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Market demand creation and release of new higher yielding, faster cooking common bean varieties with higher iron bioavailability in Zambia

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Dr Kamfwa (front) during a meeting with farmers at Senga Hills District, who display small seed packs of YBC129 and Zerengeti. 



The Bean Breeding Programme led by Dr Kelvin Kamfwa at the University of Zambia (UNZA) developed two new common bean breeding lines to replace the popular landraces Kabulangeti and Lusaka Zerengeti and YBC129. Zeregenti is similar to Kabulangeti but is higher yielding (25%) and resistant to anthracnose, a major disease of common bean in Zambia. YBC129 has the same yellow seed colour of Lusaka, but it is faster cooking, higher yielding (30%) and nutritionally superior because of its higher iron bioavailability.


  1. Carry out on-farm cooking and agronomic trials and two field days (on-farm and on-station) to: a) create awareness about Zerengeti and YBC129; b) collect information on farmer and consumer preferences for different characteristics (positive and negative) of the released varieties to inform future breeding programmes at UNZA.

  2. Distribute small seed packs (100 seeds) of Zerengeti and YBC129 to farmers to generate market demand.

  3. Develop a blueprint to aid the dissemination and commercialisation of improved legume varieties in East Africa. The KT-funded breeding programs in Ethiopia, Uganda and Kenya are also nearing the release of improved common bean varieties.

  4. Release Zerengeti and YBC129 as new improved varieties in Zambia.

This project was funded by a Global Challenges Research Fund AgriFood Africa Innovation Award jointly awarded to KT and to the University of Zambia.





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Zerengeti (i) and YBC129 (ii). Planting an on-farm trial of YBC129 and Zerengeti in Mpika District, Zambia (iii).


  1. Seed of YBC129 and Zerengeti was given to 620 farmers from three districts including Mpika, Senga Hills and Mporokoso districts, which are the leading districts in Zambia for bean production. The 620 farmers were drawn from 30 farmer cooperatives, and it was a diverse group in terms of age and gender. Each farmer received a small seed pack (100 seeds) of each variety in early January 2023, in time for planting in February.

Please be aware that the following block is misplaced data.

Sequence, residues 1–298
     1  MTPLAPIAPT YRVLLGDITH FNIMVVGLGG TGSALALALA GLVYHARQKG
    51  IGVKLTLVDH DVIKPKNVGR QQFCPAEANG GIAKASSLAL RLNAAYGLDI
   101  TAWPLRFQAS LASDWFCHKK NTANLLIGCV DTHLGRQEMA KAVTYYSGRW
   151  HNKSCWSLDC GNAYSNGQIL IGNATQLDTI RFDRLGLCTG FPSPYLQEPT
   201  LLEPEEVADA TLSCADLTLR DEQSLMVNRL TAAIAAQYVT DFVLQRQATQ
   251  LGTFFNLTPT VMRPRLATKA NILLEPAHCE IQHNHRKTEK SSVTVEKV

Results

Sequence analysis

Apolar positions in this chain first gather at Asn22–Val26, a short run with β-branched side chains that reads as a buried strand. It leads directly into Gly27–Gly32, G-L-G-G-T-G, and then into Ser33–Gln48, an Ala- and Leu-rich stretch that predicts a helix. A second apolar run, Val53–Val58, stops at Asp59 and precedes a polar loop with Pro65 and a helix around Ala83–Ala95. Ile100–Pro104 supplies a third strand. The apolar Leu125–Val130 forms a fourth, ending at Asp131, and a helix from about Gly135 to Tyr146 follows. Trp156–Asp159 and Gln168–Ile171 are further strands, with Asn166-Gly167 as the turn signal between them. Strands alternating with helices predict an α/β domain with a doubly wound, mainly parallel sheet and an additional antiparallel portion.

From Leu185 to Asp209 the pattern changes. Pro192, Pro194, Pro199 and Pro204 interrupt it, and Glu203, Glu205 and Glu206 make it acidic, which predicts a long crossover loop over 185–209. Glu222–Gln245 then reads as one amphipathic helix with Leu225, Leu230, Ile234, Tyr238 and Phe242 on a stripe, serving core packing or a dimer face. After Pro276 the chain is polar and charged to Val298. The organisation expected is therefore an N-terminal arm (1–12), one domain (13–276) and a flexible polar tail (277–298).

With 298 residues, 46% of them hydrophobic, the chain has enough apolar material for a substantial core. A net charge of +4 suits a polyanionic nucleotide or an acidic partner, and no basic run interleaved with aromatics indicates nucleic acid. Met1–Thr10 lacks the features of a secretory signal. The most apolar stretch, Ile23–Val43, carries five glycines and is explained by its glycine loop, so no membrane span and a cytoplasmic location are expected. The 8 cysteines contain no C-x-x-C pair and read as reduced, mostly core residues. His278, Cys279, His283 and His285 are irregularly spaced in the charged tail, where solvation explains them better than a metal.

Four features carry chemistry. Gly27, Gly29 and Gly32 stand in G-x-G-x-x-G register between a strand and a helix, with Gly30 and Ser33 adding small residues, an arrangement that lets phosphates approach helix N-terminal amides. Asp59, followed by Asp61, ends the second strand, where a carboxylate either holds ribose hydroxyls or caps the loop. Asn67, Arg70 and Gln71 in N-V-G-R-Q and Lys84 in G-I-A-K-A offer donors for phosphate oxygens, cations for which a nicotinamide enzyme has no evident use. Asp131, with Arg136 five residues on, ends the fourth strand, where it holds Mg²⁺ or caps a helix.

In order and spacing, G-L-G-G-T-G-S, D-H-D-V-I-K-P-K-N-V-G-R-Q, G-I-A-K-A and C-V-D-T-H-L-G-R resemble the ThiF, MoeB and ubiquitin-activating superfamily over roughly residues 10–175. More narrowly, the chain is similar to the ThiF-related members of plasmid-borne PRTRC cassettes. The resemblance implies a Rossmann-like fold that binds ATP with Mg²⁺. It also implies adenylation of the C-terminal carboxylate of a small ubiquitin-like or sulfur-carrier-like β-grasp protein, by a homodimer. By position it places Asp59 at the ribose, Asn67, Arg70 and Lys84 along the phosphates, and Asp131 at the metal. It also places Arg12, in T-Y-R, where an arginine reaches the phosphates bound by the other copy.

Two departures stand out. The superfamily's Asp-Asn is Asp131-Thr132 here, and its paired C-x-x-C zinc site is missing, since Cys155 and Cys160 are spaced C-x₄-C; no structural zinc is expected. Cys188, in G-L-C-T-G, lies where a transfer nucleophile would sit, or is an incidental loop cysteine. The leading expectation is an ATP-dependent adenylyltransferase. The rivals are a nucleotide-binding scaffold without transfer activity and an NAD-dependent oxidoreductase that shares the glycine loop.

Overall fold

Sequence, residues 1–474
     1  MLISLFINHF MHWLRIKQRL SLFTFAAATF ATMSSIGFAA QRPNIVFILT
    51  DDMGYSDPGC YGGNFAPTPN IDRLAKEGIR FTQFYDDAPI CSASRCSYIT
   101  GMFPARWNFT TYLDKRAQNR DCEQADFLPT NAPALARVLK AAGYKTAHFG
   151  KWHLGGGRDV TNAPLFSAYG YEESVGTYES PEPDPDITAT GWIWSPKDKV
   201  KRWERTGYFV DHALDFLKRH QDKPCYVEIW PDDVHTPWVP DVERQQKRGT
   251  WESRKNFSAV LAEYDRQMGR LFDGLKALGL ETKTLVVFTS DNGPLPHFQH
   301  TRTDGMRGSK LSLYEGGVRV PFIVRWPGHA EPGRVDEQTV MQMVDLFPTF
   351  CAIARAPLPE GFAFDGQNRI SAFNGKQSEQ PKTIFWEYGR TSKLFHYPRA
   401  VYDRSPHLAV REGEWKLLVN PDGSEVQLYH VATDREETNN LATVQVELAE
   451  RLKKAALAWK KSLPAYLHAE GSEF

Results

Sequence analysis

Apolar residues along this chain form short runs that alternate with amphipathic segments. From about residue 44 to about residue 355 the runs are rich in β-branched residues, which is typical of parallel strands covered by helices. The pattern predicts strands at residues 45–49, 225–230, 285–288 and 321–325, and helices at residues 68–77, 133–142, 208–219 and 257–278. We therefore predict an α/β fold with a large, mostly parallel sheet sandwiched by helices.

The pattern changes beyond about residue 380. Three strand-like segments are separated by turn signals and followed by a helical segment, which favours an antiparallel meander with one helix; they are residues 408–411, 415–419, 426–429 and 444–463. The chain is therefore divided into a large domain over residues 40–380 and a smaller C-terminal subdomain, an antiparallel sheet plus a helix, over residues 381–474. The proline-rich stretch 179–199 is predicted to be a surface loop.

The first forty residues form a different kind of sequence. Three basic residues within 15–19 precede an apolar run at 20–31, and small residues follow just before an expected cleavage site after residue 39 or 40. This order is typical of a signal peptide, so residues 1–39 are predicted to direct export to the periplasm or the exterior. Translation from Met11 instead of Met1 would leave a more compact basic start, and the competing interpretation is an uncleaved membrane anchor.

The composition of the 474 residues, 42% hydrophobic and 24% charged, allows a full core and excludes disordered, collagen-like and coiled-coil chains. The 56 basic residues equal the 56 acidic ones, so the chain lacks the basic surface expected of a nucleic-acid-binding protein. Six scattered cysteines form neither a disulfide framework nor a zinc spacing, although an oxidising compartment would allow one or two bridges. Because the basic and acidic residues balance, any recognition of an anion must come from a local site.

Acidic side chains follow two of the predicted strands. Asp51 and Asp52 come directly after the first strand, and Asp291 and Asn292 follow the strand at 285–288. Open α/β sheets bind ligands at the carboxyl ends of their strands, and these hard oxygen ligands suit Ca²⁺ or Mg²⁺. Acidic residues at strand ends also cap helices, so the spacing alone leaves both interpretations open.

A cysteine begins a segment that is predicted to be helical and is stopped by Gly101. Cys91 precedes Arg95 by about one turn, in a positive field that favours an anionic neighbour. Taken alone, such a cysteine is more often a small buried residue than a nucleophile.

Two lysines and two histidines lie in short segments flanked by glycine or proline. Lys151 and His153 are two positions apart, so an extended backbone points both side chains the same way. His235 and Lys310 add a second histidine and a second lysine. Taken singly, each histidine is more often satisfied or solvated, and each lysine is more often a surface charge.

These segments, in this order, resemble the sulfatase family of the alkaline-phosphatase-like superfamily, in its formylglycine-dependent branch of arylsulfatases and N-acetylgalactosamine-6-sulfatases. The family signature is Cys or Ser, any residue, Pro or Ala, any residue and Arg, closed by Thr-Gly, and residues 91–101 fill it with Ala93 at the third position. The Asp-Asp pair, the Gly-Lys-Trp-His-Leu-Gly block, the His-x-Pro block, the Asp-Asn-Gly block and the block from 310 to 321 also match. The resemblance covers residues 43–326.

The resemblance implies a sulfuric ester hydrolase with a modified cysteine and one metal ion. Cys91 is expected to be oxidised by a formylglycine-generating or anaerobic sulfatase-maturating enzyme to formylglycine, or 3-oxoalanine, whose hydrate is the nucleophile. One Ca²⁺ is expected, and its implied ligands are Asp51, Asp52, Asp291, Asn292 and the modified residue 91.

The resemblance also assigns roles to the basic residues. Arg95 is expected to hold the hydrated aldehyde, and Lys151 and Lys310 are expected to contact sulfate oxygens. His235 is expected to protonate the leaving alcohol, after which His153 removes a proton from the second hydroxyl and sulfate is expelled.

2. On-farm cooking trials were conducted in the second week of January 2023 in Mpika district to create awareness about the faster cooking time of YBC129 than other varieties currently on the Zambian market. On-farm cooking trials were also used to obtain feedback from the farmers on the preferred culinary traits of YBC129 and Zerengeti.

  3. On-farm trials were conducted to assess the agronomic performance of the two breeding lines and to collect feedback from farmers on the traits they prefer. These conversations have provided valuable information to make changes to the breeding objectives of the University of Zambia Bean Breeding program.

  4. Two field days were conducted during the project period to create awareness about YBC129 and Zerengeti. A total of 1,200 farmers and government and traditional leaders attended the field days.





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Dr Kamfwa distributing seed of YBC129 and Zerengeti to farmers in Senga Hills farming block of Senga Hills District (i); distributing YBC129 and Zerengeti to farmers in Chintu farming block of Mpika District (ii); farmers from Chintu farming block of Mpika District displaying seed of  YBC129 and Zerengeti (iii); Dr Kamfwa distributing small seed packs to farmers in Senga Hills farming block of Senga Hills District (iv and v); cooking time and tasting trials for YBC129 and Zerengeti conducted with farmers in Mpika (vi and vii).

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